On Privilege, Casting, and Loss

Gentle readers,

About a month ago, I wrote a post that was mostly about Michelle Rodriguez kind of putting her foot in her mouth while talking about race and superhero films. It was of the most forgivable sort; she was walking to her car when someone stuck a microphone in her face and she said something off the cuff that had the veneer of being reasonable. She even went back and explained, in a mature fashion, what she meant after being met with backlash. I still think she was wrong. Change the gender, race, ability, and sexuality of white, male, straight, cis, and abled characters. Do it often, and be bold about it, because there’s nothing to lose, and there is only inclusion to gain.

The subject of “loss” brings me closer to my actual point: a significant proportion of white male rage over changing the gender and race of superheroes can be connected to a sense of loss. I’ve previously emphasized that it represents a fear of “loss of cultural property”, but I’d like to broaden my point for a second before returning to it. This fear is a microcosm of the larger fear of loss of those who occupy a dominant position in our society.

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Nicole Scherzinger needs to be in the next TV musical.

Sorry for the super blunt title, but I see no need to pussyfoot around the issue.

With last night’s live performance of The Sound of Music starring Carrie Underwood and inspired by Broadway.com’s article casting pop stars in other Rogers & Hammerstein shows, I started thinking about pop stars I’d like to see in the next TV musical (if they become a thing, and I hope they do). It wasn’t long before the obvious answer came to me:  former Pussycat Doll, Nicole Scherzinger.

Nicole Scherzinger 2Now, if you’re not familiar with Nicole, you may find this notion a bit surprising, but she’s actually quite the obvious choice if you look at some of her performances in the last few years.

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Theatre Thursdays: The Show Must Go On…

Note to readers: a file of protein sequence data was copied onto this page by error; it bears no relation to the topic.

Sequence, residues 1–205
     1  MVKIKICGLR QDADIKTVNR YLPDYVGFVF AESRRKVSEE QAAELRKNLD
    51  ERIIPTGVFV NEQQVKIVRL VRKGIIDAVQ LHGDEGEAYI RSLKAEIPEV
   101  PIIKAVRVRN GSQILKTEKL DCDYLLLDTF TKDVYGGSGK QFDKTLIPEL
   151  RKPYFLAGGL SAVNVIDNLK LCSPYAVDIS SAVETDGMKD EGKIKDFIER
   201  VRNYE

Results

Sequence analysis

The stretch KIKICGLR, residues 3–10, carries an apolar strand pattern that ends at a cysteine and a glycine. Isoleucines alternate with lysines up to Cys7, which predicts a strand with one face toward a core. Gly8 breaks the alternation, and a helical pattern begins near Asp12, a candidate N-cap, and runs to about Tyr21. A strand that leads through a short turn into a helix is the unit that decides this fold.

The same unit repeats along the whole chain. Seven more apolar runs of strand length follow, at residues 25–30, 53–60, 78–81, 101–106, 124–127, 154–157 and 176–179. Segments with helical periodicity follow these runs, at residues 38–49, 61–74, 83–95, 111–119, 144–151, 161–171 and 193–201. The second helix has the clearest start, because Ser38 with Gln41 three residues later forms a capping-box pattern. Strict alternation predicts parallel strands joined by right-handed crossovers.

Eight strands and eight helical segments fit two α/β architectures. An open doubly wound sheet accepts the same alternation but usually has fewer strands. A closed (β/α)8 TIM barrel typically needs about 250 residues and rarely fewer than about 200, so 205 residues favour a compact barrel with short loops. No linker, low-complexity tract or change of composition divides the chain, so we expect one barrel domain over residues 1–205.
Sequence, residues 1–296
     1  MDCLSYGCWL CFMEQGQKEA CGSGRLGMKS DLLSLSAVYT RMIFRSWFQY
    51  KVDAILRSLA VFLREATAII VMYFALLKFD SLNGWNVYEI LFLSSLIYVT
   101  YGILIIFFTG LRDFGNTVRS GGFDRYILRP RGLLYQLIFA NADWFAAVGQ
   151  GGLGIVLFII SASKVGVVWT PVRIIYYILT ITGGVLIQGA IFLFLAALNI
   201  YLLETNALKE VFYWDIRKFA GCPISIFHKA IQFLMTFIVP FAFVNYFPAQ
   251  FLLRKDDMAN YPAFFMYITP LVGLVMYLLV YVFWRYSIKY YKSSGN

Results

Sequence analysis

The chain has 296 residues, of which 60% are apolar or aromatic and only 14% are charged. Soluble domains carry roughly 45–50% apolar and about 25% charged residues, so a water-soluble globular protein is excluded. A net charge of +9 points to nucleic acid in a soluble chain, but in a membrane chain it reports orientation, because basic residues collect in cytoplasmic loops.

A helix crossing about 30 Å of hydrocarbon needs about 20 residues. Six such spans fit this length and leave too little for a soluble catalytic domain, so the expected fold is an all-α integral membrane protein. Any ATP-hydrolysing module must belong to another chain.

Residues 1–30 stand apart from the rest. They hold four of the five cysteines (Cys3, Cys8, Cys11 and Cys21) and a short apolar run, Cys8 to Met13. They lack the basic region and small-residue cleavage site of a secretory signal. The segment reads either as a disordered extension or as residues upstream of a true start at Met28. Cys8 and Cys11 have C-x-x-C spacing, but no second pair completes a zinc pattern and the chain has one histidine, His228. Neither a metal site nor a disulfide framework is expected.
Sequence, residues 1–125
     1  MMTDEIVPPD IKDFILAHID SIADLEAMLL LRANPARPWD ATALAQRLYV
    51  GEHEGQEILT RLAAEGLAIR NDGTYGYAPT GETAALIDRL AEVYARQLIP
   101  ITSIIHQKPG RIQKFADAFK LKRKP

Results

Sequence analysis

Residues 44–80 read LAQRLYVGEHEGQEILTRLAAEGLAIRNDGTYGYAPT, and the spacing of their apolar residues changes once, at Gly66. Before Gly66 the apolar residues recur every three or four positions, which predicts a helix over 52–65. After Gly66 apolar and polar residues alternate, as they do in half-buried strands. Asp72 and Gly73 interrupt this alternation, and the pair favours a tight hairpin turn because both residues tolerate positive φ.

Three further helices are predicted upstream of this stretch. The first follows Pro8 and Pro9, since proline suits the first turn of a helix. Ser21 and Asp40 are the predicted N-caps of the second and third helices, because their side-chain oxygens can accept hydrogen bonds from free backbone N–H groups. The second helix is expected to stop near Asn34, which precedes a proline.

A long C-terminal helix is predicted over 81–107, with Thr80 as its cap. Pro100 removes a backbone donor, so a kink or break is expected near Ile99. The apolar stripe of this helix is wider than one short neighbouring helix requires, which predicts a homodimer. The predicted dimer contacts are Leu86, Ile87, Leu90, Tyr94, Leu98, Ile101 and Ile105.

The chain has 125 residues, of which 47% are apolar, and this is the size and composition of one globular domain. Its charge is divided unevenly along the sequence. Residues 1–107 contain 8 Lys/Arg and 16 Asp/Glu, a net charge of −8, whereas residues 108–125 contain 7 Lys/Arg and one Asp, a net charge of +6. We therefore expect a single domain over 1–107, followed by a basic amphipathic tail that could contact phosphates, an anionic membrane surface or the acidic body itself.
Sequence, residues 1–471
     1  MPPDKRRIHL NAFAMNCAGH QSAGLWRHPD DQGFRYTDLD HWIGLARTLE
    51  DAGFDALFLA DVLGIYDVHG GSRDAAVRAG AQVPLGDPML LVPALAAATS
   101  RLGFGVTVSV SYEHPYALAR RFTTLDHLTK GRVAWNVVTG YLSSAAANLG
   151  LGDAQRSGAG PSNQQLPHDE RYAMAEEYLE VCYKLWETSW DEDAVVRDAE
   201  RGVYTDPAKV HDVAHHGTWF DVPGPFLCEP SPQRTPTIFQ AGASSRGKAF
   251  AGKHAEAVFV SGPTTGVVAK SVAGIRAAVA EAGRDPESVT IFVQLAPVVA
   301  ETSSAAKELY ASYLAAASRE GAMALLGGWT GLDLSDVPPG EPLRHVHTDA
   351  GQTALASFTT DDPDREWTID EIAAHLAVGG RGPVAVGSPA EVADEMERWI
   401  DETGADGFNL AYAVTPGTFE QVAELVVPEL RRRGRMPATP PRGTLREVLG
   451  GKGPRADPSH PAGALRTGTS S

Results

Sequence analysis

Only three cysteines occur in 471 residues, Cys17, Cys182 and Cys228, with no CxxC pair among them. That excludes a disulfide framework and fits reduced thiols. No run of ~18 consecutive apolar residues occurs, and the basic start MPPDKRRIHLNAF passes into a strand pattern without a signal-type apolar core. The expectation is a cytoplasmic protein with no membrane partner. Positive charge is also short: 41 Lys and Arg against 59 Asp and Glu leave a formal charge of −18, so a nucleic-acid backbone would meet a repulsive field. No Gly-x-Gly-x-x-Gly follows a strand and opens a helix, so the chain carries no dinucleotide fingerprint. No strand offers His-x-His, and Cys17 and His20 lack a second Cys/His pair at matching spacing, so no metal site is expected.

Ricky Martin…unless your high-profile celebrity cast member is leaving. Then the show apparently can’t go on. Nope, not at all, not even possibly. At least this is what I seem to be hearing from the announcement that Broadway’s Evita revival will be closing when Ricky Martin, Elena Roger, and Michael Cerveris leave the show.

Despite earlier claims that the show would re-cast and continue on with new leads when its opening cast departed (you know, like ANY OTHER open-ended production) Evita‘s producers have decided that the show simply can’t be done with anyone else in the leads. According to producer Hal Luftig:

“Our extensive search for a new cast presented the significant challenges of not only replacing a high-caliber trio of stars but also synchronizing the schedules of potential replacements with that of the production,” said Mr. Luftig. “Despite going down the road with a variety of artists, the planets have simply not aligned for us to engage the right talent at the right time. Therefore, we have made the decision to end this incredible journey on a high note on January 26 with our original stars intact.”

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Theatre Thursdays: Do You Hear the Trailer Sing?!

Brace yourselves, mesdames et monsieurs, citoyens et citoyennes, gamins et gamines:

I have a really visceral response to anything about this movie. The first time I saw this trailer a few days ago, I may have cried a little, I was so overwhelmed. My exact response was “I WORDS AND HEAD EXPLODING”, which I think accurately sums up my feelings in the most coherent way possible.

The more level-headed Fiyero3305 has pointed out to me some issues with this movie, such as the fact that there are no French actors in an adaptation of a classic French novel and that the casting itself sort of just happened without much auditioning or anything, but I am just so happy that Taylor Swift isn’t Eponine that I am looking past that for now.

And this trailer in and of itself: I’m so happy that they chose to make Fantine the central feature of it, with her song tying together the myriad snippets of character introductions. I’m happy about the barricade and the way they managed to introduce most of the named characters in the trailer without it seeming crowded (Les Mis is a very crowded musical). I’m loving the scenery and the costumes and the—well, pretty much everything. Any thoughts on this from the peanut gallery?